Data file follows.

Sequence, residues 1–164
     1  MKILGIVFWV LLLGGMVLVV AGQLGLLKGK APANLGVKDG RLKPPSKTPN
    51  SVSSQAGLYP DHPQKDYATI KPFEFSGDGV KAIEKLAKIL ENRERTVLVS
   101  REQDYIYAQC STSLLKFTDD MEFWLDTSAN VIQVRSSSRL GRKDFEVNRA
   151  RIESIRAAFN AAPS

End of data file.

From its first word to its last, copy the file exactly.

Sequence, residues 1–164
     1  MKILGIVFWV LLLGGMVLVV AGQLGLLKGK APANLGVKDG RLKPPSKTPN
    51  SVSSQAGLYP DHPQKDYATI KPFEFSGDGV KAIEKLAKIL ENRERTVLVS
   101  REQDYIYAQC STSLLKFTDD MEFWLDTSAN VIQVRSSSRL GRKDFEVNRA
   151  RIESIRAAFN AAPS